In a photo taken with her boyfriend along with the statuses, Kim Lien debated with her family members and other relatives about whether each person’s religious opinion was right or wrong. Considering the wording used throughout the exchanges between the both sides, it is obvious that Kim Lien was conscious and fully aware of what she was saying and writing about.
After getting converted to a new religion, Kim Lien viewed worshipping a cross attached with a figure to be wrongful, and was determined not to come to the site of worship, whose way of worshipping she viewed to be heavily idolized and hence sinful. However, that was not what her family thought, and they brought her to the clergymen for exorcism.
These clergymen, who thought Kim Lien was severely possessed by the devil, locked her up. They have chained Lien’s leg up with a bed and prevented her from leaving the room for more than a year. Every time they passed a meal to her, they would sprinkle some kind of water into the food… Believing in the words of one clergyman into thinking that their daughter had actually been possessed by a devil, the family without a second thought allowed the clergymen to beat her up in order to ‘silent’ the ‘devil’.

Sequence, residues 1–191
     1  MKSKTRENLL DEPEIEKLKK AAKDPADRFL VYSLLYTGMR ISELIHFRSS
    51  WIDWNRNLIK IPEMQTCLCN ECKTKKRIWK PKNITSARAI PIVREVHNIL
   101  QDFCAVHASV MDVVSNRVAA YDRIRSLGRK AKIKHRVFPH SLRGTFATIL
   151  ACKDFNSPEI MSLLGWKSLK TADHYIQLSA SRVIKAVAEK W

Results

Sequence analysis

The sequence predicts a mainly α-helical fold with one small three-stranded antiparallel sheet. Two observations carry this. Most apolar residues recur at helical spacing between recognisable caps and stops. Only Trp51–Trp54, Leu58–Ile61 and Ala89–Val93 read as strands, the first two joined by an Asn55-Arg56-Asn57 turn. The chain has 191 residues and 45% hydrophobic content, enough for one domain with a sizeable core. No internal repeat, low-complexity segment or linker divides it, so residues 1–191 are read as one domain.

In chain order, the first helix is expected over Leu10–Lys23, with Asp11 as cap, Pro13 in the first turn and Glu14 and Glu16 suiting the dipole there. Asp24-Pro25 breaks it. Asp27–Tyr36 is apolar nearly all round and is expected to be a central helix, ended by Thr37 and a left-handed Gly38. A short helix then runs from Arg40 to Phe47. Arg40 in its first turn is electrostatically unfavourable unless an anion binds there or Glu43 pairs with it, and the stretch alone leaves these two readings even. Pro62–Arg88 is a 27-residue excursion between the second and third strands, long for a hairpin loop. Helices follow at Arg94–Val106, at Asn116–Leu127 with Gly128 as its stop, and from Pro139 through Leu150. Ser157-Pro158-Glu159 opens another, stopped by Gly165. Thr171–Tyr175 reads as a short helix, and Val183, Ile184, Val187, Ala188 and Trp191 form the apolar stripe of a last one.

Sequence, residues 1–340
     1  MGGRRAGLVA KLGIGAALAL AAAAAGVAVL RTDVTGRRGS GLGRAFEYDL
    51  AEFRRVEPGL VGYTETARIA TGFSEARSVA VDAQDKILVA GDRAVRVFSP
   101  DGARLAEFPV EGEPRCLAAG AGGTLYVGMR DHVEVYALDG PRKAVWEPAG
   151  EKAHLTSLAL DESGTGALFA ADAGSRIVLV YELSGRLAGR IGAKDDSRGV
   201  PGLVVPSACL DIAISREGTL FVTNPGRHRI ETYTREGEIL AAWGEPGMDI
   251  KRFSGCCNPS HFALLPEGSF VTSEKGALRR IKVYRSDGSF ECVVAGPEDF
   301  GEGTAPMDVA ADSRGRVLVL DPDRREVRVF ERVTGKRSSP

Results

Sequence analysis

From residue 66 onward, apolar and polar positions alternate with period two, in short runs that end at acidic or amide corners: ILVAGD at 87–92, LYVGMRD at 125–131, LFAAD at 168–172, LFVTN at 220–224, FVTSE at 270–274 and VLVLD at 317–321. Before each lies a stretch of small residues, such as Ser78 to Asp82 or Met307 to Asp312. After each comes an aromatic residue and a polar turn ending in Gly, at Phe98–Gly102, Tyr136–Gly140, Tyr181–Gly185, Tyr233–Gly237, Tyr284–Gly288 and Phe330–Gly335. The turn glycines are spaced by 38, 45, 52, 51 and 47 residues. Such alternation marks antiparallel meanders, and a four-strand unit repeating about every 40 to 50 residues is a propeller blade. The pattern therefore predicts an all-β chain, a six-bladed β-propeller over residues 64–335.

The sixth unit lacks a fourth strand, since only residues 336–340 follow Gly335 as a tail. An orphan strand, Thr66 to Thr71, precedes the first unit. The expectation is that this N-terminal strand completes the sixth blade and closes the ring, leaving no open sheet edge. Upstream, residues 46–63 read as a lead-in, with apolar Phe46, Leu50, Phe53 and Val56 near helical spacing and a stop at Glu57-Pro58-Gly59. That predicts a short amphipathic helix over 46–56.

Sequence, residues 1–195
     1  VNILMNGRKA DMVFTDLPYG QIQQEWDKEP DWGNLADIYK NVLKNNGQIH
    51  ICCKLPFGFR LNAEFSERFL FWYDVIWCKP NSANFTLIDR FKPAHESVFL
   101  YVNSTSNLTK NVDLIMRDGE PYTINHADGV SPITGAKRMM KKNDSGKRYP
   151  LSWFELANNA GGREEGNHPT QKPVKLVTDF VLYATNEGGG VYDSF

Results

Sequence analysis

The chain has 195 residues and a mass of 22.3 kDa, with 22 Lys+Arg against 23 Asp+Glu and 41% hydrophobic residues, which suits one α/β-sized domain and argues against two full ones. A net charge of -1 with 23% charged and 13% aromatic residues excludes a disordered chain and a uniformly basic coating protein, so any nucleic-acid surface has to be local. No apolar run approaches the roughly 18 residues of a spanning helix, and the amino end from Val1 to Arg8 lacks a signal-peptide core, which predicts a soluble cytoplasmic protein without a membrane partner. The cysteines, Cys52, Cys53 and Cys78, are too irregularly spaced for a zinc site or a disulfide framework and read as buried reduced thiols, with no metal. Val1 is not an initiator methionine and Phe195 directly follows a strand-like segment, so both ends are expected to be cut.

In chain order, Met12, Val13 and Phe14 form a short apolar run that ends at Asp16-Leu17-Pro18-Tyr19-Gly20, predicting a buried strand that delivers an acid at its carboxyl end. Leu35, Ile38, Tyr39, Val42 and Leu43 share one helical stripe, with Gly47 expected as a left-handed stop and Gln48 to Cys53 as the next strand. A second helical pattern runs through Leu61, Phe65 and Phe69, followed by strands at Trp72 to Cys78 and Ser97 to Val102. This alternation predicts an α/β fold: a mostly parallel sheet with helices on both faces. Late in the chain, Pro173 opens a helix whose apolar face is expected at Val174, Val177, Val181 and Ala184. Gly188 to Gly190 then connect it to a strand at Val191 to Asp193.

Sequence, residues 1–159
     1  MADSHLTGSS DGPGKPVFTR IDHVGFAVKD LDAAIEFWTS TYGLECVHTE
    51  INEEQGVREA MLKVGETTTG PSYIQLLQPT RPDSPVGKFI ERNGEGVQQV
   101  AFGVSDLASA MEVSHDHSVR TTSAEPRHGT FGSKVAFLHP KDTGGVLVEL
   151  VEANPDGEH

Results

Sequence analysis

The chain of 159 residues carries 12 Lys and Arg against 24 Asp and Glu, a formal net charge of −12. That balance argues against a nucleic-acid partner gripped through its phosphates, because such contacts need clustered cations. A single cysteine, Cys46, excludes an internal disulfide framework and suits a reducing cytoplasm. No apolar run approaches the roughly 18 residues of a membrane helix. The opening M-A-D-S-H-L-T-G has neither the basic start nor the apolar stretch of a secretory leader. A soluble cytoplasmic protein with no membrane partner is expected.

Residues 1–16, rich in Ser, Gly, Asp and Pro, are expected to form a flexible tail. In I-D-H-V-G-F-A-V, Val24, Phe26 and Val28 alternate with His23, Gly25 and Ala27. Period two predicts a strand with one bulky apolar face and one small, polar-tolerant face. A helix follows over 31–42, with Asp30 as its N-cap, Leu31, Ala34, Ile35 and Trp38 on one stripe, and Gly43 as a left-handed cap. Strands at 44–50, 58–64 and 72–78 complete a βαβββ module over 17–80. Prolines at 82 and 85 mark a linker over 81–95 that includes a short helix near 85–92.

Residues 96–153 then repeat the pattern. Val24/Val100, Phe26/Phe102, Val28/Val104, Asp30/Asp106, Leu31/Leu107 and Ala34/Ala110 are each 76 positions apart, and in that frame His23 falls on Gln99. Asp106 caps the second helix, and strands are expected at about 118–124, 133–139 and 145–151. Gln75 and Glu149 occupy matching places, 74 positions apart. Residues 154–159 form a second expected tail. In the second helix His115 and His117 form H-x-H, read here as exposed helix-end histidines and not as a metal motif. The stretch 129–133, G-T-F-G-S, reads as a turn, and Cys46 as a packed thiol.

Kim Lien has already passed the age of being considered to be mature under the law. Regardless of it being her parents or relatives, there is no rights or justification in coercing Kim Lien into a place or position against her will.
Confining Kim Lien in a dark and closed room for more than a year is undoubtedly considered to be an unlawful, if not brutal and sadistic, act in the XXI century.
There has been no official diagnosis from any hospital or medical specialist to confirm that Kim Lien has indeed ever been mentally ill or behaving erratically. Furthermore, the site of religious worship is not a place for detaining a person.